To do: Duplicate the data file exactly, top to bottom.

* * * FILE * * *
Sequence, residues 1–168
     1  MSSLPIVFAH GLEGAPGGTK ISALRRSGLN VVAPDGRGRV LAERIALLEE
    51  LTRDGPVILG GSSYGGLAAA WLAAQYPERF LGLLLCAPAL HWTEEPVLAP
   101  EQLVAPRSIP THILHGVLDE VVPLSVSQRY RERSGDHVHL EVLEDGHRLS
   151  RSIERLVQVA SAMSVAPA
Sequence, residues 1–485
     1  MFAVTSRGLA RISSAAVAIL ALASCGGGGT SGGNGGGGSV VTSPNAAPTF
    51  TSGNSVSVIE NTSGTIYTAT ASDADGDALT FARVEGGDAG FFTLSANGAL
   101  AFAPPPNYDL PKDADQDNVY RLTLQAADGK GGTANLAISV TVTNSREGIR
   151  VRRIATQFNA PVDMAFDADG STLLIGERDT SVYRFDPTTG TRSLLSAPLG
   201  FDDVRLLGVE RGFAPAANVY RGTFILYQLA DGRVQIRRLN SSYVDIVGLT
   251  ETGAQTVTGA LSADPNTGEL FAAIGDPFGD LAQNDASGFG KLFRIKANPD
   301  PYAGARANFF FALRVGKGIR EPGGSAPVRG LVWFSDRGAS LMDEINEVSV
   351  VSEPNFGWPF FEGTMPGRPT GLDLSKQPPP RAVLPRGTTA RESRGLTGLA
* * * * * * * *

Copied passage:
Sequence, residues 1–168
     1  MSSLPIVFAH GLEGAPGGTK ISALRRSGLN VVAPDGRGRV LAERIALLEE
    51  LTRDGPVILG GSSYGGLAAA WLAAQYPERF LGLLLCAPAL HWTEEPVLAP
   101  EQLVAPRSIP THILHGVLDE VVPLSVSQRY RERSGDHVHL EVLEDGHRLS
   151  RSIERLVQVA SAMSVAPA
Sequence, residues 1–485
     1  MFAVTSRGLA RISSAAVAIL ALASCGGGGT SGGNGGGGSV VTSPNAAPTF
    51  TSGNSVSVIE NTSGTIYTAT ASDADGDALT FARVEGGDAG FFTLSANGAL
   101  AFAPPPNYDL PKDADQDNVY RLTLQAADGK GGTANLAISV TVTNSREGIR
   151  VRRIATQFNA PVDMAFDADG STLLIGERDT SVYRFDPTTG TRSLLSAPLG
   201  FDDVRLLGVE RGFAPAANVY RGTFILYQLA DGRVQIRRLN SSYVDIVGLT
   251  ETGAQTVTGA LSADPNTGEL FAAIGDPFGD LAQNDASGFG KLFRIKANPD
   301  PYAGARANFF FALRVGKGIR EPGGSAPVRG LVWFSDRGAS LMDEINEVSV
   351  VSEPNFGWPF FEGTMPGRPT GLDLSKQPPP RAVLPRGTTA RESRGLTGLA